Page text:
Evidence-based medicine has at its foundation high quality clinical research.
Take, for example, some of the most common diseases afflicting 21st century populations in affluent societies — hypertension, obsity and a wide range of autoimmune diseases such as rheumatoid arthritis, Type 1 diabetes and thyroid diseases.
This last set of diseases is the particular research area of Professor Jayne Franklyn, one of the world’s authorities on thyroid disorders. All of these diseases, she says, are so-called ‘polygenic disorders‘. Investigations now enabled by number-crunching of vast datasets on many thousands of patients with these common diseases allows us to determine the relative contribution of minor variations in DNA structure. We can thereby assess the risk of people likely to suffer from them and, where we can, take preventative steps.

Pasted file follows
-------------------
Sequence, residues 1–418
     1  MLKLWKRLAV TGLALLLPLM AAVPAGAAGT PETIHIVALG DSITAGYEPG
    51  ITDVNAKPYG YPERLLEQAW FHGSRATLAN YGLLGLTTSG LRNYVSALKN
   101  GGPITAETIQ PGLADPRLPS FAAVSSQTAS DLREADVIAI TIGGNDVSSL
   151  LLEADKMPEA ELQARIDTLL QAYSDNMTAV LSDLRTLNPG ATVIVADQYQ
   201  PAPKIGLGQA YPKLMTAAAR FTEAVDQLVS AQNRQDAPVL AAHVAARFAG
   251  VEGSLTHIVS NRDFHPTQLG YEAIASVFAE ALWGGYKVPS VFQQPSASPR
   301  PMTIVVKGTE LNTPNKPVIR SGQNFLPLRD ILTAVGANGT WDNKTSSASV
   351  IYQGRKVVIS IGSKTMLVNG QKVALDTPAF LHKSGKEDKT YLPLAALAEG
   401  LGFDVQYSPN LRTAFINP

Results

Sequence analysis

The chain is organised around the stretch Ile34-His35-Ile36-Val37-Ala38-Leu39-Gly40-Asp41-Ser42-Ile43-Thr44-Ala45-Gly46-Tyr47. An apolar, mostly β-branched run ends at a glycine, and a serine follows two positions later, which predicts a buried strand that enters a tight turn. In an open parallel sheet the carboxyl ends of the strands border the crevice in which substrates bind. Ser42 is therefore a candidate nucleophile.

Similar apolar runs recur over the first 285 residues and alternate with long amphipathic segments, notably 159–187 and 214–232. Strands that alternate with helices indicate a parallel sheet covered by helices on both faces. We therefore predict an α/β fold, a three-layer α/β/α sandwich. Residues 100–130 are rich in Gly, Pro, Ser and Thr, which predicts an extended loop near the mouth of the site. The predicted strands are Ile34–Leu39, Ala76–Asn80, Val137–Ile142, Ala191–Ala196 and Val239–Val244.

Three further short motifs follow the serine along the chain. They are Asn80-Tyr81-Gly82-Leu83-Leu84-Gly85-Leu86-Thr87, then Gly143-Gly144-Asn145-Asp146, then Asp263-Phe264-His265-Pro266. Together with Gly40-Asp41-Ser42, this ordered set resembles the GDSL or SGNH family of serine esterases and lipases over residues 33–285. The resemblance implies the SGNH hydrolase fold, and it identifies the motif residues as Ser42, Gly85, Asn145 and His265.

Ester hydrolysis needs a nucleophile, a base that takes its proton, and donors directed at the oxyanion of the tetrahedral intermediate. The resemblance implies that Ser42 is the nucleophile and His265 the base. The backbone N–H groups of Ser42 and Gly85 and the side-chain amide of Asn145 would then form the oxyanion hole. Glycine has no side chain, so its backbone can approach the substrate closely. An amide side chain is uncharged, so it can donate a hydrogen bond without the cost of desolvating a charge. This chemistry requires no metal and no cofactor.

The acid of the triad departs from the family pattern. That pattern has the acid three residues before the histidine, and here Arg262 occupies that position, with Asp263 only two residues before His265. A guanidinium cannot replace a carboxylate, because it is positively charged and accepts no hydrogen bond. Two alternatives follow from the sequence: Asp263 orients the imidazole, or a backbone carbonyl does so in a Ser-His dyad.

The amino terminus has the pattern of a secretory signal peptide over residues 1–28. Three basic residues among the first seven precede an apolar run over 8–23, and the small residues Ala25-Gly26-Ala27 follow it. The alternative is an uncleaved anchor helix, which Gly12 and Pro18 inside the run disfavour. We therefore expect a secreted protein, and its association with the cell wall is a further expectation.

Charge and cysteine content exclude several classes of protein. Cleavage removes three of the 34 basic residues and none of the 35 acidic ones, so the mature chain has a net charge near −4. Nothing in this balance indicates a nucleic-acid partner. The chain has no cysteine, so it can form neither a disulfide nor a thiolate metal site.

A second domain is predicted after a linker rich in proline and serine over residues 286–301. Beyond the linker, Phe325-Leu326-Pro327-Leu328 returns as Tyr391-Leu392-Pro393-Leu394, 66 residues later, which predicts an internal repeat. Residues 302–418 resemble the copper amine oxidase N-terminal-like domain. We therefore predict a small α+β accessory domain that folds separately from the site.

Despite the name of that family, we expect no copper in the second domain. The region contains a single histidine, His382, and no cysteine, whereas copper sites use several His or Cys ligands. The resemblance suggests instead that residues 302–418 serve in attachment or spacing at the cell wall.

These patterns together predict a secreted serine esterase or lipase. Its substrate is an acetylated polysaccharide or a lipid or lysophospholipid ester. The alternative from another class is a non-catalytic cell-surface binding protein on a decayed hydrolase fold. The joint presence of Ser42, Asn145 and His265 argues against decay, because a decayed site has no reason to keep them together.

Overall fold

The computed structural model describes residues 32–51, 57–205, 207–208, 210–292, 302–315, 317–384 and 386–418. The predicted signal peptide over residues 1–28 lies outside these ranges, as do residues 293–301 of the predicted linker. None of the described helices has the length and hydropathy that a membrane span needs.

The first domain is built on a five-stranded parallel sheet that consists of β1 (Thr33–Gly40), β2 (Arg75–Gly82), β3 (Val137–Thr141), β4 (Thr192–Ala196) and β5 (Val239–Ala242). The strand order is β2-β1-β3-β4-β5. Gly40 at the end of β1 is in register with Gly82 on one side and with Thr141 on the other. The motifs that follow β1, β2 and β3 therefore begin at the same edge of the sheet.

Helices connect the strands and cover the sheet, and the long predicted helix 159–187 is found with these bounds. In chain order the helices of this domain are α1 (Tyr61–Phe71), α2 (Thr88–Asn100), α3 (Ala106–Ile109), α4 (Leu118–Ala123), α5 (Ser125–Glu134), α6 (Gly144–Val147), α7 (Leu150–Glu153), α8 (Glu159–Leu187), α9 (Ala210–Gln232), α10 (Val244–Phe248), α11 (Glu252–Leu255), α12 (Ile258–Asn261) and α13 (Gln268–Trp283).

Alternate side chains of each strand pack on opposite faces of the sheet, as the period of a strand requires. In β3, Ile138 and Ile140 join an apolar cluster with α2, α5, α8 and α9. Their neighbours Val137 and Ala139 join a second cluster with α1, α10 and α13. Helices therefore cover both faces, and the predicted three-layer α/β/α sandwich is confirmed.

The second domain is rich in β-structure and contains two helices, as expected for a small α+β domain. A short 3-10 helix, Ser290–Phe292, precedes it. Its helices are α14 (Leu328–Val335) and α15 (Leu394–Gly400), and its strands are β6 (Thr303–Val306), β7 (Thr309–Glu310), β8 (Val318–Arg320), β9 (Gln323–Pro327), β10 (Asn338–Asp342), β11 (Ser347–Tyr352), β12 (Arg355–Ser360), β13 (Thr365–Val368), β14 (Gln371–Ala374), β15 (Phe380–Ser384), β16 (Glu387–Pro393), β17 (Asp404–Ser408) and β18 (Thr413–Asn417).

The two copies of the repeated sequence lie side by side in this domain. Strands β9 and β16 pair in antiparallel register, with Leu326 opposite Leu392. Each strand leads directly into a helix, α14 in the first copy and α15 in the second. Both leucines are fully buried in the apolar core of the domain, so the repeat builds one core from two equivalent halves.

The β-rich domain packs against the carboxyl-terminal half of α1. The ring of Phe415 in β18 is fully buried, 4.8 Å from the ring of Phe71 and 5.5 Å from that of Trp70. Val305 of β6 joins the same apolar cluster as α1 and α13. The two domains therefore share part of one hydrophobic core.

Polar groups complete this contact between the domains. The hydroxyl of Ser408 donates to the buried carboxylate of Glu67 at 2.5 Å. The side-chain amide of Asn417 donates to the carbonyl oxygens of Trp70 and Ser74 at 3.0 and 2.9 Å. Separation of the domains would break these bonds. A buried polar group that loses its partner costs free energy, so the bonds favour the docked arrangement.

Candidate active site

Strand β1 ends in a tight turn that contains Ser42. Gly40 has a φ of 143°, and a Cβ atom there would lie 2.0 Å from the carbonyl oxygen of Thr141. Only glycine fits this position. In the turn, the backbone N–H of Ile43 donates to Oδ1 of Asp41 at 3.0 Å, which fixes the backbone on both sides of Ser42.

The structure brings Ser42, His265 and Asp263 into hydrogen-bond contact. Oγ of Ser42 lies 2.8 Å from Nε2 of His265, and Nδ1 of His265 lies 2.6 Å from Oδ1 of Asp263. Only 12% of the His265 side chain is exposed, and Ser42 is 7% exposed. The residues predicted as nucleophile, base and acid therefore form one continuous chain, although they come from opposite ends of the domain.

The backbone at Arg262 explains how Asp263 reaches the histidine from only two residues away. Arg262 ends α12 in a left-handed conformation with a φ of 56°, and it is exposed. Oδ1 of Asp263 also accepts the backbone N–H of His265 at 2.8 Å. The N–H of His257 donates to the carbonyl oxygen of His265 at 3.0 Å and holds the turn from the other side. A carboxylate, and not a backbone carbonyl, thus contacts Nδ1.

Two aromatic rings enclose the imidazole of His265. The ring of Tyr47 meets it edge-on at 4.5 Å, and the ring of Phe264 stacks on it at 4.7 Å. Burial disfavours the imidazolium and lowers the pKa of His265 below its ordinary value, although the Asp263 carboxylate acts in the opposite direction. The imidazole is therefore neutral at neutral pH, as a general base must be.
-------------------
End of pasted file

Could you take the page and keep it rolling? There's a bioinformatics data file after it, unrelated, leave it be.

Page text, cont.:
Jayne Franklin is Professor of Medicine and Head of School of Clinical and Experimental Medicine at the University of Birmingham. She’s also Consultant Endocrinologist, University Hospitals Birmingham NHS Trust.
Her laboratory and clinical research interests focussing on the pathogenesis of thyroid cancer and autoimmune thyroid disease and the effects of subclinical thyroid dysfunction.
She’s a Fellow of the Academy of Medical Sciences, and American Thyroid Association Paul Starr Lecturer. She was awarded the Royal College of Physicians Goulstonian Lectureship in 1994, as well as Plenary Lectureships of the Society for Endocrinology, Clinical Endocrinology Trust, and the International Congress of Endocrinology.
As well as being Head of the School of Clinical and Experimental Medicine at the University of Birmingham she an active teacher and researcher, with over 200 peer reviewed papers in thyroid research.